Letter to the editor published in the August 20, 1999 Pikes Peak Journal

Performance at Pikes has peaked

In your list of things [see August 13, PPJ] that make the Pikes Peak races unique, not offering prize money was offered as one example. Add to that uniqueness the fact that the races are getting slower. The 1998 men’s Ascent was the slowest in 34 years when only 25 runners did the race. The woman’s marathon was the slowest in 12 years and the men’s marathon was the slowest in eight. The fastest runners are choosing to do other races that have more competition and better awards.

The Triple Crown of Running stands high on the “amateur sports competition” soapbox stating that this is one of the reasons the organization was founded in addition to promoting physical fitness. However this stand does not jive with the TCR’s history. The Garden of the Gods 10 Mile and the Colorado Springs 10K Classic both had a long history of awarding prize money to the top runners and some of the best runners in the sport (Olympic Gold medal winner Gelindo Bordin, Pat Porter, Lorraine Moller) came to these once prestigious events. When the money was pulled in the mid ‘90s the top runners left and the size of the fields declined. Indeed, the 10K folded and the Garden went from an average of more than 1,500 runners for the first half of the decade to having less than 900 runners this year. The last two TCR Garden races each had only four men running faster than 6 minute mile pace whereas some of the races during the prize money era had more than 20 runners going much faster! Even the Pik es Peak Ascent and Marathon had cash awards for records from 1992 though 1995 and in some years foreign runners were flown in at TCR expense. During that time the records were lowered 4 times in addition to many near record times being run.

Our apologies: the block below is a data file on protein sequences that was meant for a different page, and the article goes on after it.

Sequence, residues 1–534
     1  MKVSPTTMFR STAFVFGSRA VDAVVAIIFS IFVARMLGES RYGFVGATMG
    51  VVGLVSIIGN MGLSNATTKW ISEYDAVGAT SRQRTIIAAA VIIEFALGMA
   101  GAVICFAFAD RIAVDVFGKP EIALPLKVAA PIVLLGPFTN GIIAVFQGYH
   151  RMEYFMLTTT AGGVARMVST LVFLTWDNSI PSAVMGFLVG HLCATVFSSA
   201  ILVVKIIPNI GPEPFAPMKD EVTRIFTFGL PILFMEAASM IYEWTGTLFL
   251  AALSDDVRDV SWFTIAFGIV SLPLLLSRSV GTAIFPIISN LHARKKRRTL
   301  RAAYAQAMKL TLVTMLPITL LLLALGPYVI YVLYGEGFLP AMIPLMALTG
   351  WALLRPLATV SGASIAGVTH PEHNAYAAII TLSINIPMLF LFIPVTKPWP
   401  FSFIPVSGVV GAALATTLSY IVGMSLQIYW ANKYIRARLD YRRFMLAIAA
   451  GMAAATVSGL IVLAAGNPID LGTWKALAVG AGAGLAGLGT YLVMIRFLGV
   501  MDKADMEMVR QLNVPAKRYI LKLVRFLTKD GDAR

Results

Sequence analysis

Now the TCR seems to pander the status quo and declare the peak races a success simply because they fill earlier each year. The reality is the number of runners finishing as a percentage of those who register has gone down in recent years. Only by increasingly “overbooking” the races has the number of finishers appeared to remain the same or rise slightly. This year the “overbooking” has been significantly increased so don’t be too surprised if you hear after this weekend that record numbers finished the peak races and therefore these were the most “successful” races to date.

When the TCR attracted top runners more than 6,000 runners took part in the events. Now about half that number are running. (Some conveniently forget that not only did the TCR kill the 10K Classic, but they also killed the Garden 10K Tune-up and three kid’s fun runs ). Amateur athleticism is from a bygone era and it is not fair to those who chose to be the best. Besides, it seems that when the elite runners were running a lot more physical fitness was being promoted!

Matt Carpenter
Manitou Springs
Course record holder, Pikes Peak Ascent and Marathon

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